Have you somehow missed viewing Fernando Arrabal’s cult film Viva la Muerte (Long Live Death)? I’m not sure how that could be possible — there it is on the shelf, clearly labelled between Santa Sangre and Pink Flamingos.
Perhaps, instead, you’ve been choosing to watch Bill & Ted’s Excellent Adventure for the umpteenth time?* I cannot fault you for your intellectual prowess and/or decision making acumen, but I can do my small part to illuminate why you might want to give nasty old Arrabal a shot. For Viva la Muerte is seriously weird in a not altogether painful way.
Disgusting, surely, and less than technically perfect indeed, but also somewhat astounding and seriously weird.
Arrabal bases his tale of a boy maturing through hard times upon his own experiences. At the end of the Spanish Civil War, a mother (Núria Espert) turns her communist sympathizing husband in to the police. Her young son Fando (Mahdi Chaouch) begins to suspect that his father is not dead as he’s been told; this leads him to explore both in and out of his head.
‘Out of his head’ is a good phrase for Vive la Muerte.
Fando’s fantasies are wrong, in the way a child’s imagination can be wrong without recognizing its own obscenity. Sometimes — frequently enough — these visuals are striking to the point that one cannot deny their artistry.
As a film, Viva la Muerte is an abstract experience with potentially seismic results. It largely depends on what you’re interested in seeing and capable of considering.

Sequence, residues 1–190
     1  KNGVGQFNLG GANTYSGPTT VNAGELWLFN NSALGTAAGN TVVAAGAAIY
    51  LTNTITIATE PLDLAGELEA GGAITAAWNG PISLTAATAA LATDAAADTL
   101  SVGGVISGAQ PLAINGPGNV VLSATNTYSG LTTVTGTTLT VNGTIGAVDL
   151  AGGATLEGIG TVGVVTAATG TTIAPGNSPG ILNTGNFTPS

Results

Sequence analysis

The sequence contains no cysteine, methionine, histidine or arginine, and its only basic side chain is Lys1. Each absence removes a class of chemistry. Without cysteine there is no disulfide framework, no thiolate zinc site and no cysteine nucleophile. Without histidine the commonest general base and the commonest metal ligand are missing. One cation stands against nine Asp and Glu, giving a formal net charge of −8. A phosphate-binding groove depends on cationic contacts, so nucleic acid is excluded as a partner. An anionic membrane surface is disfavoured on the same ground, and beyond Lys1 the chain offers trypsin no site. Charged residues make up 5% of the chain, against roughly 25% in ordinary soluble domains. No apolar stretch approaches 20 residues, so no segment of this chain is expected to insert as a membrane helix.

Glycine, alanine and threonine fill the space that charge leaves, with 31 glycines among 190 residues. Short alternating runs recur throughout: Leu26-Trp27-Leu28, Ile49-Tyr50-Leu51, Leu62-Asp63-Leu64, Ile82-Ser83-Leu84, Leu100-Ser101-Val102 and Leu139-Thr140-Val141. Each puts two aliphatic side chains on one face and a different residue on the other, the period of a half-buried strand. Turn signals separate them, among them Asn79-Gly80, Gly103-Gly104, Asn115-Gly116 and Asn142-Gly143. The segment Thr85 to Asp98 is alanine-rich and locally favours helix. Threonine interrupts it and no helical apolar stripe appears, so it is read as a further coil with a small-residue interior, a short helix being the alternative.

And so, I would recommend you watch Viva la Muerte if you would care to see:
- A man sewn up inside of a cow
- Somebody masturbating a lizard before biting its head off
- A woman having mud flung at her face, which she then eats, while her son licks it off of her face
- Erotic, incestual whipping to save grandpa’s soul
- People bathing in spaghetti
- Mom taking a dump on dad’s incarcerated head
- Half of a large beetle scurrying away after being rent asunder with a dull razor
- Frederico Garcia Lorca being shot to death up the ass
- A child urinating for hours off the top of a lighthouse, while cackling, to prove his bravery
- Whatever the hell this is:
Thank you. Please enjoy your evening.
*I also can draw your attention to the word ‘umpteenth’, which, you may be surprised to learn, has nothing to do with baseball vampires. It springs from the term ‘umpty,’ which was what a dash was called in early Morse code. Etymologists speculate that the ‘teen’ part was added to make the ‘th’ suffix easier to pronounce, but basically it means the ‘unspecified number-th’, which you knew, but not why. Here endeth the lessonth. You may now go about doing your umpty dance for the umpteenth time.